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Please use this identifier to cite or link to this item: https://dspace.lboro.ac.uk/2134/12120

Title: Demand response of domestic consumers to dynamic electricity pricing in low-carbon power systems
Authors: McKenna, Eoghan
Keywords: Demand response
Flexible demand
Low-carbon electricity
Dynamic pricing
Feed-in tariff
Data privacy
Behavioural economics
Battery model
Issue Date: 2013
Publisher: © Eoghan McKenna
Abstract: The ability for domestic consumers to provide demand response to dynamic electricity pricing will become increasingly valuable for integrating the high penetrations of renewables that are expected to be connected to electricity networks in the future. The aim of this thesis is to investigate whether domestic consumers will be willing and able to provide demand response in such low-carbon futures. A broad approach is presented in this thesis, with research contributions on subjects including data privacy, behavioural economics, and battery modelling. The principle argument of the thesis is that studying the behaviour of consumers with grid-connected photovoltaic ('PV') systems can provide insight into how consumers might respond to dynamic pricing in future low-carbon power systems, as both experience irregular electricity prices that are correlated with intermittent renewable generation. Through a combination of statistical and qualitative methods, this thesis investigates the demand response behaviour of consumers with PV systems in the UK. The results demonstrate that these consumers exhibit demand response behaviour by increasing demand during the day and decreasing demand during the evening. Furthermore, this effect is more pronounced on days with higher irradiance. The results are novel in three ways. First, they provide quantified evidence that suggests that domestic consumers with PV systems engage in demand response behaviour. Second, they provide evidence of domestic consumers responding to irregular electricity prices that are correlated with intermittent renewable generation, thereby addressing the aim of this thesis, and supporting the assumption that consumers can be expected to respond to dynamic pricing in future markets with high penetrations of renewables. Third, they provide evidence of domestic consumers responding to dynamic pricing that is similar to real-time pricing, while prior evidence of this is rare and confined to the USA.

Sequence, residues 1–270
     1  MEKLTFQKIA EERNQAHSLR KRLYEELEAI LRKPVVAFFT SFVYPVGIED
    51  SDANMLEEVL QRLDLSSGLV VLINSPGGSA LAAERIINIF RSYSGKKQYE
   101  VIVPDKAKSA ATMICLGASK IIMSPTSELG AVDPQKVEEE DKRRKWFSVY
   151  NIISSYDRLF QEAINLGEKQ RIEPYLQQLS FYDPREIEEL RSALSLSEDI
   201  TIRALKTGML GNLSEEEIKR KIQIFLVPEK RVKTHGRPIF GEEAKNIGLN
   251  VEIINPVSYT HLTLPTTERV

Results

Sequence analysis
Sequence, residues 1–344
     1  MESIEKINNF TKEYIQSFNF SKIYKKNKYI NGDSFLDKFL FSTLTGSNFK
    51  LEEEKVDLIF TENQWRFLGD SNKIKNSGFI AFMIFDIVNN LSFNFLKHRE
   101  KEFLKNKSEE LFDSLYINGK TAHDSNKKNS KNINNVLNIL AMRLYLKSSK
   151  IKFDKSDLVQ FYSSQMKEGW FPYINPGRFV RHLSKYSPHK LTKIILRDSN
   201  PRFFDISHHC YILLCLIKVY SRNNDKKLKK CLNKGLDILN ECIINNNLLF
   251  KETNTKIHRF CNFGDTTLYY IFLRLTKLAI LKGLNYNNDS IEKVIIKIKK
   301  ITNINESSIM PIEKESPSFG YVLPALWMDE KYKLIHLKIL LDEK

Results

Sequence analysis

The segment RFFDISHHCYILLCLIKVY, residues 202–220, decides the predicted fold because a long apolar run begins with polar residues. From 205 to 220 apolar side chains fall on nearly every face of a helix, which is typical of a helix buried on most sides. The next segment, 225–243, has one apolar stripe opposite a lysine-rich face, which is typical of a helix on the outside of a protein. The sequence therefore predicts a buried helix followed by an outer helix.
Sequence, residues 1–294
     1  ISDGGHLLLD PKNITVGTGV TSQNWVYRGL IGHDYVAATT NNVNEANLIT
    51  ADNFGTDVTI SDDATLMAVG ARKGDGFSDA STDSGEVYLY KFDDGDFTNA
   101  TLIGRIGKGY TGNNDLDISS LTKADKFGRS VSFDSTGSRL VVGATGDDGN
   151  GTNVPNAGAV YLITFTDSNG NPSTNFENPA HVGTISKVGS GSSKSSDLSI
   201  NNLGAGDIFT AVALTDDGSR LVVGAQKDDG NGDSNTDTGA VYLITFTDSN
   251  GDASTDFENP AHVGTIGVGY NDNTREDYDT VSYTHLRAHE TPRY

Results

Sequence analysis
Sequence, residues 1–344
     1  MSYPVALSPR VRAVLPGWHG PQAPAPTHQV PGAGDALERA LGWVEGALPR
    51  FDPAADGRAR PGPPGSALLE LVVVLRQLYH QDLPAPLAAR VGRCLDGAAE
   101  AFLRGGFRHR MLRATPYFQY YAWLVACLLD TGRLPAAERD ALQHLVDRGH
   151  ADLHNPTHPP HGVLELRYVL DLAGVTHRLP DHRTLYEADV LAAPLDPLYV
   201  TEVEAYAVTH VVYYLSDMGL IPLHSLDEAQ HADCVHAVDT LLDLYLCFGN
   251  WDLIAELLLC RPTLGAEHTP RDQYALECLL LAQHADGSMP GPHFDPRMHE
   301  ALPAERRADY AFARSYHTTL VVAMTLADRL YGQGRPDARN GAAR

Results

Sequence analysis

Description: A Doctoral Thesis. Submitted in partial fulfilment of the requirements for the award of Doctor of Philosophy of Loughborough University.
URI: https://dspace.lboro.ac.uk/2134/12120
Appears in Collections:PhD Theses (Mechanical, Electrical and Manufacturing Engineering)

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